Thursday, April 24, 2014

How do you get the word out about activities? (RANDOM QUESTION THURSDAY)


Every week on Wednesday night, without fail, at least one of the yw asks, "What are we doing for Mutual?" or another classic that I hear on Sundays - "I didn't come to Mutual because I didn't know what we were doing"

I try to make this information as readily available as possible (and in as many formats as possible). They (and their parents) should be see and/or be able to access this information at any time during the week. Here are the (many!) ways we provide information to the YW in our ward:

Sunday Sacrament meeting bulletin/program: We often submit information about our YW Mutual activity for the week, especially if it is something special or at an unusual time/location. This is not read over the pulpit, it is part of the program that is handed out for the meeting.

Newsletter/Calender (handed out or mailed): Our YW secretary puts together a monthly newsletter and prints a copy of the monthly calendar on the back side. The newsletter/calendar for the upcoming month is passed out to the yw (and a separate copy for their parents) at church on the last Sunday of the month. For girls who are absent that Sunday (or who aren't active in church), she sends a copy to their home.

Bulletin Board: We have a small bulletin board in the hallway - our YW Secretary puts a copy of the newsletter and the calendar on this bulletin board so it can be seen by anyone (i.e., parents or yw who have lost their copy, which happens frequently!)

YW Class Announcements: The class president who is contacting YW Sunday Class Opening Exercises announces what the Mutual activity is for the week (or asks the various classes to say what their activities are if they are separate class activities). This is a good time to mention if they need to wear special clothing or bring anything. I also try to mention (frequently) that friends are welcome to attend Mutual any time, so hopefully they keep that in mind during the week.

Handouts on Sunday: If you are really trying to boost attendance or promote a specific activity, handouts (advertising your activity) are a good way to do that. I've done handouts on occasion, but found that most of them were just left behind in the classroom, so I don't normally do these. If you attach a piece of candy or something, they will spend more time looking at it and maybe even actually take it home as a reminder! For the most part, we have a pretty regular Mutual attendance rate, so we normally only do handouts/invites for special things like our YWIE Young Women in Excellence or Mothers Day Activity.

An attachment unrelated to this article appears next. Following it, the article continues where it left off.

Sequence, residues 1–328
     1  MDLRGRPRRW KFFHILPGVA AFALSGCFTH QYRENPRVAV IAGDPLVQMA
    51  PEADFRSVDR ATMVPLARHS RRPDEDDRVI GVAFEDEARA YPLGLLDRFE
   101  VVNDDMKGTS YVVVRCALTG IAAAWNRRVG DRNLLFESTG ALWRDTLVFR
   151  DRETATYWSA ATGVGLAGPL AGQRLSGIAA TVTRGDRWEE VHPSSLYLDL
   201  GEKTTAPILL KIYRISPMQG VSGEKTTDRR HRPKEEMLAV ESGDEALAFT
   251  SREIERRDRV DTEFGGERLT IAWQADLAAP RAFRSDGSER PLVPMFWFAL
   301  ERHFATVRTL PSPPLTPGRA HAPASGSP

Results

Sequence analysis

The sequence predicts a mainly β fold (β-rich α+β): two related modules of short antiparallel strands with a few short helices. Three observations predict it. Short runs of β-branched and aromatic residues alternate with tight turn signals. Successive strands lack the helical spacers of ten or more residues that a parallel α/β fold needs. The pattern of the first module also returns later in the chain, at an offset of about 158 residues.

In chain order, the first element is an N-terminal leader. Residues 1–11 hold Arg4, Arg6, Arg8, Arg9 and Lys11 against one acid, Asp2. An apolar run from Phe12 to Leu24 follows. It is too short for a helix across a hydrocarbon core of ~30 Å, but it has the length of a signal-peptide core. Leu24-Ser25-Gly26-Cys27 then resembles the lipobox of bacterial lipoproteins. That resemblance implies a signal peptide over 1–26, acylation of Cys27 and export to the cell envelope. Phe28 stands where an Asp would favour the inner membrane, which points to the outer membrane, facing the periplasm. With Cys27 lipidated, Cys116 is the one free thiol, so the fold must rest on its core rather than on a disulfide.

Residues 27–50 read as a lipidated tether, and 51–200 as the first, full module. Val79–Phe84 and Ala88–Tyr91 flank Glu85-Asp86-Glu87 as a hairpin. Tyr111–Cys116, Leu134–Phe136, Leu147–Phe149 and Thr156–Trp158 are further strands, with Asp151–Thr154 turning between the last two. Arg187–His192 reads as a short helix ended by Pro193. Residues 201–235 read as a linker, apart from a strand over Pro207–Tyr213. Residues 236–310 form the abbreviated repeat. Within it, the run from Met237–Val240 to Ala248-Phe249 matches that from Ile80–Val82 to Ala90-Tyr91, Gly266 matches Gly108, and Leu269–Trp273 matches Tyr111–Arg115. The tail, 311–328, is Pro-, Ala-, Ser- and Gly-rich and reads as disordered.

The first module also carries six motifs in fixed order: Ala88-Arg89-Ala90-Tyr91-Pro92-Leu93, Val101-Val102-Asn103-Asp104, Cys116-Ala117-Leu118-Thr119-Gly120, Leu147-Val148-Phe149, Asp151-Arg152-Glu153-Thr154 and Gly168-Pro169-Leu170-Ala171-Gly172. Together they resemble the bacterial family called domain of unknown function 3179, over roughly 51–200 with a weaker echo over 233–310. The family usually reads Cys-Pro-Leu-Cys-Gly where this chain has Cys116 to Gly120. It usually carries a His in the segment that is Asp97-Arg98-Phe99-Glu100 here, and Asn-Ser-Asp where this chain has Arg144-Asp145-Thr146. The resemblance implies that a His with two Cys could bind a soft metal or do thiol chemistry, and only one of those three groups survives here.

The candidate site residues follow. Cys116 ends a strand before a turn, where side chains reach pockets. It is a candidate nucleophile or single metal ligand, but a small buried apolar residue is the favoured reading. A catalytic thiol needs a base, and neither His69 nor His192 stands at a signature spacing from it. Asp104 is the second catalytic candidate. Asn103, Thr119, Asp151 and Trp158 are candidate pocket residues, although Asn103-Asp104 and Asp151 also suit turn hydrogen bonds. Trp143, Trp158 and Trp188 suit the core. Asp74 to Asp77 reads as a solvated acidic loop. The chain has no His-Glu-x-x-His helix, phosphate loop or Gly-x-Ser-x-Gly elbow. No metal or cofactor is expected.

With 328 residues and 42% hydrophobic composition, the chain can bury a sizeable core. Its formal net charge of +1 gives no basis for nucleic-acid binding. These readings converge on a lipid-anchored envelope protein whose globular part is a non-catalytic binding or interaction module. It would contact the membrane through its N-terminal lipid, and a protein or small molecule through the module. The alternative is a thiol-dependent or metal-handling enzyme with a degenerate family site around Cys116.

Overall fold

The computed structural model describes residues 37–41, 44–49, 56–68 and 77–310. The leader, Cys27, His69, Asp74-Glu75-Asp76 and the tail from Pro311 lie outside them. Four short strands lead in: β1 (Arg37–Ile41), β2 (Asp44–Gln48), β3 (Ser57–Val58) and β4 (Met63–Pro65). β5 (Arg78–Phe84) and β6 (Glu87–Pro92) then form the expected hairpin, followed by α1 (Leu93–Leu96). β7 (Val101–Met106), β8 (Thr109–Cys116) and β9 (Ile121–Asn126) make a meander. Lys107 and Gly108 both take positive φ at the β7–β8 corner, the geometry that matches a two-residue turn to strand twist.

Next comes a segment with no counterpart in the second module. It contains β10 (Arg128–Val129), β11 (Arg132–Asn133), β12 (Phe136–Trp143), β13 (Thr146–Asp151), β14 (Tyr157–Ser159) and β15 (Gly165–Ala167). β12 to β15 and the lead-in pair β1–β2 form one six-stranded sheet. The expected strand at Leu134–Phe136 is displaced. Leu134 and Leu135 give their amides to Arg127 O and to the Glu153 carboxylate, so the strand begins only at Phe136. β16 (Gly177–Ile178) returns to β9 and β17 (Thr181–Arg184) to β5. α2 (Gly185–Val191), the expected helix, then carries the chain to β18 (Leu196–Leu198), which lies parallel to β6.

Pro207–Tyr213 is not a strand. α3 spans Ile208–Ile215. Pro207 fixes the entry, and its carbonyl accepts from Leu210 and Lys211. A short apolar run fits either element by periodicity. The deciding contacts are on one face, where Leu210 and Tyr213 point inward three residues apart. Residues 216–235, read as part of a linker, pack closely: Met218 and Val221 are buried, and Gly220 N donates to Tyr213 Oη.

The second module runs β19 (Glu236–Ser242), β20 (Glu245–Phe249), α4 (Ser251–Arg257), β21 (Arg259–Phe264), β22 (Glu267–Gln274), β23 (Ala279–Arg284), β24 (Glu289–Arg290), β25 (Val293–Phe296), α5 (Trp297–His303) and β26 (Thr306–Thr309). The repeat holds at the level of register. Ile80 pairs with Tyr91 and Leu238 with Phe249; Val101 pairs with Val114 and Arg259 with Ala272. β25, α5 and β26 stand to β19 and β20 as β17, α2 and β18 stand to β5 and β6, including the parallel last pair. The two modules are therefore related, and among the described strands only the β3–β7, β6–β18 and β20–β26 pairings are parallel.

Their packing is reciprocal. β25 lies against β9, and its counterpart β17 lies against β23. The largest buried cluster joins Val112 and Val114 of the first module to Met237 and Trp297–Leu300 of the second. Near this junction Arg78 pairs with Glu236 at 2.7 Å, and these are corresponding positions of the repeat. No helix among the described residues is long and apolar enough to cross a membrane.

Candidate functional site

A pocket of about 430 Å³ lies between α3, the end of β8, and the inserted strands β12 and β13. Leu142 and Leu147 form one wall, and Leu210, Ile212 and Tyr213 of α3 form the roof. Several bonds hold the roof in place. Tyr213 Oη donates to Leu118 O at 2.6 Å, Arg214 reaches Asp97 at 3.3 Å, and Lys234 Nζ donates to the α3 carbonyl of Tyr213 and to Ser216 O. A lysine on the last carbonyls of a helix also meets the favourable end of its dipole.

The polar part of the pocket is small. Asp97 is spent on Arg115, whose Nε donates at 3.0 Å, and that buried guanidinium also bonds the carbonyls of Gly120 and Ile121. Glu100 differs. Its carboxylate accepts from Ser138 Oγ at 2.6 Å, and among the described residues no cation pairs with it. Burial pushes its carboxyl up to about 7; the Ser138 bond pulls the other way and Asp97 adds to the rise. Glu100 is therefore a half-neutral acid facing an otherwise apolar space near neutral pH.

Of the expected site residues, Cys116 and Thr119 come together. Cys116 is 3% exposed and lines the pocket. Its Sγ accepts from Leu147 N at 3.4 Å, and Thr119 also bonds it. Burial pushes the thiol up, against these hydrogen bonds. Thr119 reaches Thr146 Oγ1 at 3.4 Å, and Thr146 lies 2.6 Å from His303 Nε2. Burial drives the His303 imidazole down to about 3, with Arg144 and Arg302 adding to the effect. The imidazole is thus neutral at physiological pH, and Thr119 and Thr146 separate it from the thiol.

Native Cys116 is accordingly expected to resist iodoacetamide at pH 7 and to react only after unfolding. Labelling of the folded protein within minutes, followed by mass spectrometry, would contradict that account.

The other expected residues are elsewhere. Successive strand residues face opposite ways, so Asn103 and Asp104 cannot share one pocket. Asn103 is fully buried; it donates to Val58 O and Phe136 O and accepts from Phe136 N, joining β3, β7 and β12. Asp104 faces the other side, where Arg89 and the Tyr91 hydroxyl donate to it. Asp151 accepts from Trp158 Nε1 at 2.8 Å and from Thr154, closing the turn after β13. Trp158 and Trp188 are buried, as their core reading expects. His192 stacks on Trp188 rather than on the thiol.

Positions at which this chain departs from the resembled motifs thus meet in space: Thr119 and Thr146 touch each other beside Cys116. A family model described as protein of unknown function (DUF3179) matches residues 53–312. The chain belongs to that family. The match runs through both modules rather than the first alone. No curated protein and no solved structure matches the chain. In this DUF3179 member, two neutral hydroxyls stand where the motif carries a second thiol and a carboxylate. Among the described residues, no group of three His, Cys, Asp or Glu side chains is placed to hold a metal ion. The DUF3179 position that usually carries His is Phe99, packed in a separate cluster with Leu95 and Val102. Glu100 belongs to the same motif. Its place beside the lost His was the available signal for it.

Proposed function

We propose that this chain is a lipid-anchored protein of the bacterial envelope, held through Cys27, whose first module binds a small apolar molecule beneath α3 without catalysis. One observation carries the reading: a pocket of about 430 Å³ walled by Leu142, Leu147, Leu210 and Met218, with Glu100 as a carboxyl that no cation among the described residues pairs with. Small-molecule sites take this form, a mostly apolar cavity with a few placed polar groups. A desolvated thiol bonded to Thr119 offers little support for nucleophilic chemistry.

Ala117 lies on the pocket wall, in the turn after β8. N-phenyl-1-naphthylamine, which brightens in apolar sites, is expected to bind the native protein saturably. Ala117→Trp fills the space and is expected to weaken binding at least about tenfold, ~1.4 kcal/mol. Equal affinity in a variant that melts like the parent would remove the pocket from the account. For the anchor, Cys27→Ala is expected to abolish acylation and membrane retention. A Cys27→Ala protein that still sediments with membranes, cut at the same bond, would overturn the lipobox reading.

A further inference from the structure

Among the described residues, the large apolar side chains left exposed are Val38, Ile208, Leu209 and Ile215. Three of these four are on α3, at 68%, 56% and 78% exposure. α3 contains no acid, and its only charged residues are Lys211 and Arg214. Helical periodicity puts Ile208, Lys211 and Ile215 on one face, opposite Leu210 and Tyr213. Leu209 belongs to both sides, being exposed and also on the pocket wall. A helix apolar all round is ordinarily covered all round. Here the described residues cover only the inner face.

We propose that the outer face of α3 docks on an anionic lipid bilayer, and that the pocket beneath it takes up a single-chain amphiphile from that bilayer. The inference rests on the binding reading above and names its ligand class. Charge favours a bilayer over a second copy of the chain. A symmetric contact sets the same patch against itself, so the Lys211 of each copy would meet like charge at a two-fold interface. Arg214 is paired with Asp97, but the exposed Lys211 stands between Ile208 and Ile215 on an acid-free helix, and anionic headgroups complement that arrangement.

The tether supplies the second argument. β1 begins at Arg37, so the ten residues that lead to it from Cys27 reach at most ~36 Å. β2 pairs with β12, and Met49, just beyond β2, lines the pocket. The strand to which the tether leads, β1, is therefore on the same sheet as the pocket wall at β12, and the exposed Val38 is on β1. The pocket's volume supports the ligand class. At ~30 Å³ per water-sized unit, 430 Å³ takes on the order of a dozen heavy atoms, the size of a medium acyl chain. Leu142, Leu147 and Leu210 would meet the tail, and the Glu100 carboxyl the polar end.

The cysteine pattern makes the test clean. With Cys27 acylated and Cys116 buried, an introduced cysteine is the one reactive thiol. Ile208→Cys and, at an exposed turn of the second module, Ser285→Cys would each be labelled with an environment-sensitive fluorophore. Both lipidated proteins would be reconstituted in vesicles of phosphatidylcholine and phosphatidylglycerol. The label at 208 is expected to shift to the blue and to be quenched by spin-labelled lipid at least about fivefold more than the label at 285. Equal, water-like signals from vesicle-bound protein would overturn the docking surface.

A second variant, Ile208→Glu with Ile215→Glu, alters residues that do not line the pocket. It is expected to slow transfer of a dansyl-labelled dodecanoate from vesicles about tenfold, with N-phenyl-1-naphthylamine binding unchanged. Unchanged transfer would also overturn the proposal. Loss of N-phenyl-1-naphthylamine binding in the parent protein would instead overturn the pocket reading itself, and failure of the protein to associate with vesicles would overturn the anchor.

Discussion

Mutual Opening Exercises:
We normally announce any activity going on over the next week during Mutual Opening Exercises. We have some kids who only attend Mutual, so we hope that hearing what we're doing the following week will be an incentive to come the next week.

Facebook group: We have a private Facebook group just for young women in our ward, parents of young women in our ward, and YW leaders in our ward. This was ok'd by our Bishop, as long as everything remains private and the group (posts, photos, etc) are not available to the public. We post information about activities, reminders, etc on this group page. Some of the girls don't use Facebook (which is fine, we make it clear that it is optional) and some just don't want to be part of the group (also fine, although I wish they would, because even if they opted out of the post notifications, they would still have the option to access the information any time they had a question - such as "what are we doing for Mutual?") We also post photos from our activities (and girls camp, etc) on this group page and that works well because then the girls aren't embarrassed by other people seeing the photos.

Facebook general: Since we have some girls who don't want to participate in our private Facebook group, I also post via my regular Facebook feed (on Tuesday or Wednesday every week) with information about the Mutual activity for the week. Same goes for info about youth dances, conference registrations, etc. I customize the postings to be visible to people in our ward only. This way, it can double as information/extra reminder for the YM when it applies to them as well.

Twitter: I opened a Twitter account specifically for Mutual announcements for our ward. Most of the YW who use Twitter seemed hesitant to follow me, so I promised that I only post once a week (on Wednesday morning) and I only post about Mutual. I've made this information available to the YW and their parents, but so far I only have 2 followers, and one of them is one of the YM leaders!

Phone calls/texts: If there is a change of plans or there is something specific that they need to remember (like a parent-permission slip), it is a good idea to do a phone-tree. We don't do this for every activity, but like I said, we have a big turnout for Mutual. If you have a problem with attendance or want to encourage specific girls to attend, a phone call would be a great reminder that you're doing something awesome and you want them there! I like to ask the class presidents to do this (or have them assign it to a presidency member), instead of having the leaders do the calling. But of course, then you'll need to follow up and make sure it actually gets done. Sometimes they text reminders to each other, and thats fine with me as long as they get the message somehow!